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|| SportsShooter.com: News Item: Posted 2010-10-03
Ask Sports Shooter: How has technology affected photojournalism?
The old vs. the new
By George Bridges, Managing Editor, MCT Photo Service
A question recently was posted on the SportsShooter.com message board of "How has technology affected photojournalism" with the theory being that technology has removed some of the limitations giving photographers more time to work a scenario and focus on their images before deadline.
Photo by Brad Mangin
The Sporting News was the last outfit to shoot film on deadline at the World Series. Here is their setup in Phoenix for the 2001 Series: C41 hand-line kit with tanks, reels and Senrac film dryers.
As always, a question such as this starts the "back in the day" thoughts and comments from those old enough to remember.
Technology has always resulted in huge changes in photography going all the way back to the days when photographers made the change from glass plates that had to be developed immediately in the field with hazardous chemicals to film slides (then rolls of 120 and 35mm) that could be taken back to the office for processing later - in hazardous chemicals.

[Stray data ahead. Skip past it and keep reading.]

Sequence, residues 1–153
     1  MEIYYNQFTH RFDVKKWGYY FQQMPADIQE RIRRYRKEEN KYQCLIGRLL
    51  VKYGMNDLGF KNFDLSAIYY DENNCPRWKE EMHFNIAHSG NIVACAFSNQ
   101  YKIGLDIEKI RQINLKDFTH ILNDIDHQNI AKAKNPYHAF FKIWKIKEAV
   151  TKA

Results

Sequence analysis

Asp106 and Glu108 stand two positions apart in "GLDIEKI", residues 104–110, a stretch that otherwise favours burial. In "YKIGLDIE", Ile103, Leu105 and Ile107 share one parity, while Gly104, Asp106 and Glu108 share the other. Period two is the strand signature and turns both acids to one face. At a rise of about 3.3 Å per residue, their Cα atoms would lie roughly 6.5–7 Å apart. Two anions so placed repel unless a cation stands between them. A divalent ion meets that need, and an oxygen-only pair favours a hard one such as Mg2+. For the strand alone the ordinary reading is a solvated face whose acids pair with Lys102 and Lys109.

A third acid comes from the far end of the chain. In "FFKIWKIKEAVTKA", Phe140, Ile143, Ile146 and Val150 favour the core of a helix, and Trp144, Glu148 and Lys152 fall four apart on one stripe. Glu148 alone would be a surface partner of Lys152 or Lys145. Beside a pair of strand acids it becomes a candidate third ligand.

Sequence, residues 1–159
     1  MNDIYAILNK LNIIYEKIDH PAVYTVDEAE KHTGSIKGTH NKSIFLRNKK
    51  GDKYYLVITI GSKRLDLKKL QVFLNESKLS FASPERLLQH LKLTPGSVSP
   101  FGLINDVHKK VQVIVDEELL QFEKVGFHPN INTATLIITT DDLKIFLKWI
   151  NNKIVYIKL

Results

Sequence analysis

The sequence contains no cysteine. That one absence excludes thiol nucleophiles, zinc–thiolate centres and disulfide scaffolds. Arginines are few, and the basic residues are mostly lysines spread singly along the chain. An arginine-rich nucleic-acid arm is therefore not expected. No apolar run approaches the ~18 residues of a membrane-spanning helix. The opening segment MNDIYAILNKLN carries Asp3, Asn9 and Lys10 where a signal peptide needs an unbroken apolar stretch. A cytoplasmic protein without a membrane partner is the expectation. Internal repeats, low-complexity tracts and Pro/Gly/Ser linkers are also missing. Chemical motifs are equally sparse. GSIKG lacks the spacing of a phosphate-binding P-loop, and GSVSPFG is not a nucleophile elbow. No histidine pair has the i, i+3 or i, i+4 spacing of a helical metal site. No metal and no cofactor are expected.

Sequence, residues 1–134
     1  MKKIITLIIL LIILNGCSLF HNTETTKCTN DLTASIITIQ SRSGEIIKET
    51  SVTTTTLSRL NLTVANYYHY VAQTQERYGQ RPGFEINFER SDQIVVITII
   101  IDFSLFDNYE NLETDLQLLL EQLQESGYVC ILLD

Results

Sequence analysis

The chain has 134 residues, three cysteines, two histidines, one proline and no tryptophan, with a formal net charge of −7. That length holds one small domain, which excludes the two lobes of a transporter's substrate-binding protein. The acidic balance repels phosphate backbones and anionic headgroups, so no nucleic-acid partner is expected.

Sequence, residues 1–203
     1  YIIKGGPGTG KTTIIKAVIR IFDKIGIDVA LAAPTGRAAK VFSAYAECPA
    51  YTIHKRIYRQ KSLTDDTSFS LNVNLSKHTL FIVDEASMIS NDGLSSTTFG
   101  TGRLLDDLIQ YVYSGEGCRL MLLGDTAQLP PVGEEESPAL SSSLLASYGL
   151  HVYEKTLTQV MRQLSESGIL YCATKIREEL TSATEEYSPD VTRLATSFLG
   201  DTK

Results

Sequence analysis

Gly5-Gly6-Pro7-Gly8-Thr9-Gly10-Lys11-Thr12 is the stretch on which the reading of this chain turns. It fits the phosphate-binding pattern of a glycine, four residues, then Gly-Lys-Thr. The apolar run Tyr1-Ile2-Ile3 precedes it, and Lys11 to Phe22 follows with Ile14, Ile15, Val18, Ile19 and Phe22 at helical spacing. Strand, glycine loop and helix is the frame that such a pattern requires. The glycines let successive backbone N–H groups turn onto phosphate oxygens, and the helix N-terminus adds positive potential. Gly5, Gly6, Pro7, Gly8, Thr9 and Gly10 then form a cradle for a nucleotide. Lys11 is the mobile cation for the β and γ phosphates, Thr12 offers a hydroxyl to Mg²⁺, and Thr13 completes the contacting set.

With the Canon EOS 1, the first true professional auto-focus camera, being released in the late 1980s, many photographers working today never had to worry about turning a focus ring, but grew up just concentrating on the content of the image.
The revolutionary NC2000 digital camera came out in the early 1990s eliminating film for select assignments. The camera was so large and costly, around $18,000 as I recall, that they were not used at all publications. The Canon 520 and then the Nikon D1 changed all that. Since 1999 (the introduction of the D1 which was within the price-range of many papers) the digital age took over.
So, where does that leave us in comparing old school to new school? I shoot all digital now, will never go back, and don't think twice about what I'm missing in not shooting film. But there are some arguments that can be made for the "old" being better than the "new." And remember, in this case "old school" means we are talking only 15-20 years ago.